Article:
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Winter on the Johnny Smoker

This is Roald Tweet on Rock Island.

My mother and father were reasonably generous and just as parents go, and as kind as possible for Norwegian Americans, but when I was eleven, they did something I still have trouble forgiving: They refused to sell our home on Boxelder Street and move to a steamboat.

My older cousin, Christine, had just given me a new book for Christmas: Winter on the Johnny Smoker, by Mildred Comfort. I stayed in my room the next day and read the book to the end. It was the first book I couldn’t put down.

Here was the Dustin family of Read's Landing, where the Chippewa River meets the Mississippi. Captain Dustin, his wife, Permilia, and their six children. The heroine of the story was ten-year-old Rella Dustin.

Captain Dustin had just bought his very own, small steamboat, the "Johnny Smoker." He had a contract to cut a timber tract thirty miles below Read's Landing. So that November, the whole family moved onto the boat, steamed down to a cove near the timber tract, and let the boat freeze in for the winter.

And what a cozy and romantic winter that was for this happy family. Their first meal in their new home was fried chicken, mashed potatoes and gravy, rutabaga, and hot buttered biscuits—my favorites, except for the rutabaga. Breakfast was usually thick pancakes and sausage. The Dustins picked berries for pie, shot deer and ducks for meat.

While Captain Dustin and the older boys cut wood, Permelia home schooled the young children. At recess, they made snow angels. Sundays, they sang hymns and read the 23rd Psalm by the warm kitchen stove, while it was below zero outside.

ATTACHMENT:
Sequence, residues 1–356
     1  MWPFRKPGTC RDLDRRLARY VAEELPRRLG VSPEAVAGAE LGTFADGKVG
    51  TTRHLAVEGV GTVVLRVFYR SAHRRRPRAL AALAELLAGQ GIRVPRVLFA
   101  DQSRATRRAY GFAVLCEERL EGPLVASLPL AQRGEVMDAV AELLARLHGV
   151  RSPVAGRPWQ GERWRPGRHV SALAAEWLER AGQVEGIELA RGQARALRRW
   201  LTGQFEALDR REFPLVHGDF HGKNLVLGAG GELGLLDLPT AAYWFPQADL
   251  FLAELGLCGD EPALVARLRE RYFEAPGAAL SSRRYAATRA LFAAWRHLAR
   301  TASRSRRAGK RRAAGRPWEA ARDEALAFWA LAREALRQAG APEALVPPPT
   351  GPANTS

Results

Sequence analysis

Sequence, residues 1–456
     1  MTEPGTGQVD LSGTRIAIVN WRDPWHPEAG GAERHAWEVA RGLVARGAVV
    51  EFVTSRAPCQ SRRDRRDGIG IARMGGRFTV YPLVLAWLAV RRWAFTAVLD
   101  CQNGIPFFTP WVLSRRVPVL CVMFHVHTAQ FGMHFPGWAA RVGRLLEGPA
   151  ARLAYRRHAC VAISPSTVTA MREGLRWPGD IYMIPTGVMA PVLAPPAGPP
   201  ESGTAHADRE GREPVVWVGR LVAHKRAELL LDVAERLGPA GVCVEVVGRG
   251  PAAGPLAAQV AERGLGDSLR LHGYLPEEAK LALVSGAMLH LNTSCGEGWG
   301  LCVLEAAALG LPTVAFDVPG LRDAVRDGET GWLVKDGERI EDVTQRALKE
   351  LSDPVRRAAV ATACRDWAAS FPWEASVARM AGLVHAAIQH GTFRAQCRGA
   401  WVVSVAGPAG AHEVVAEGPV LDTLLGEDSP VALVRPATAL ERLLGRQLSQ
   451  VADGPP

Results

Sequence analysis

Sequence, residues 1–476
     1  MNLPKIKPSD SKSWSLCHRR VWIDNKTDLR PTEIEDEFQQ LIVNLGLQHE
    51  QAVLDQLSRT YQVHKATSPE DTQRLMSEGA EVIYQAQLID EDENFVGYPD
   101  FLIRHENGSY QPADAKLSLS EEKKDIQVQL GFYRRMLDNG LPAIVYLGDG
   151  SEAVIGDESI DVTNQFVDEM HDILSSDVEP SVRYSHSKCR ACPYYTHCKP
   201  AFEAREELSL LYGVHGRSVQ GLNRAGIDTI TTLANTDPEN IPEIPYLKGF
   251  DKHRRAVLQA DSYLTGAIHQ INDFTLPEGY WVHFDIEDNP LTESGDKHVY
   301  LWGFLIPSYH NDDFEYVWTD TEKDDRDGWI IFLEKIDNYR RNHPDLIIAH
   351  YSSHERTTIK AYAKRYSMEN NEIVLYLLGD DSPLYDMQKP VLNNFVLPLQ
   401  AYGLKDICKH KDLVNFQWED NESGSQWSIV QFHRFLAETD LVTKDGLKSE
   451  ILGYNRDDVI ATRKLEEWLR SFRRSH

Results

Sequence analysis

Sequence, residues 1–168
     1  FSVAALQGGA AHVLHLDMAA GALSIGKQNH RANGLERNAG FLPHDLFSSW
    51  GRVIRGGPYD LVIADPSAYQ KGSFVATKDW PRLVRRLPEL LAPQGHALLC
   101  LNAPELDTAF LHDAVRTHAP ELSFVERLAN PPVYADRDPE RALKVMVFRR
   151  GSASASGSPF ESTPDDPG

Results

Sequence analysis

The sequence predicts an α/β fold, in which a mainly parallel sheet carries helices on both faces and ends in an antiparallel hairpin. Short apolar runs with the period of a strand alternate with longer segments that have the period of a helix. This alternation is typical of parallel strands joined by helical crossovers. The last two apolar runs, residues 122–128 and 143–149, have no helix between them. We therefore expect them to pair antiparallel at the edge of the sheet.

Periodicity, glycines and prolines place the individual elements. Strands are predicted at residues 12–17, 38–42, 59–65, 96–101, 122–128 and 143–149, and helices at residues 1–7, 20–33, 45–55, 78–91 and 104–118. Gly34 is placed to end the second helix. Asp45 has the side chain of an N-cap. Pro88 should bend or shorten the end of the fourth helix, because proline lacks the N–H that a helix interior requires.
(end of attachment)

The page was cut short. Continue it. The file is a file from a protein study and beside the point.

There was even a mystery to solve; you'll have to read the book to find out what it is.

But my folks would have none of it. They were deaf to my pleas to buy a boat. I grew up in a plain old house and grew up to become a plain old schoolteacher.

But even now, on some late evenings when the wind is still, I swear I hear the whistle of the “Johnny Smoker” passing Rock Island, but by the time I get down to the levee, it's already gone.

Rock Island Lines with Roald Tweet is underwritten by the Scott County Regional Authority, with additional funding from the Illinois Arts Council and Augustana College, Rock Island.

Beginning 1995, historian and folklorist Dr. Roald Tweet spun his stories of the Mississippi Valley to a devoted audience on WVIK. Dr. Tweet published three books as well as numerous literary articles and recorded segments of "Rock Island Lines." His inspiration was that "kidney-shaped limestone island plunked down in the middle of the Mississippi River," a logical site for a storyteller like Dr. Tweet.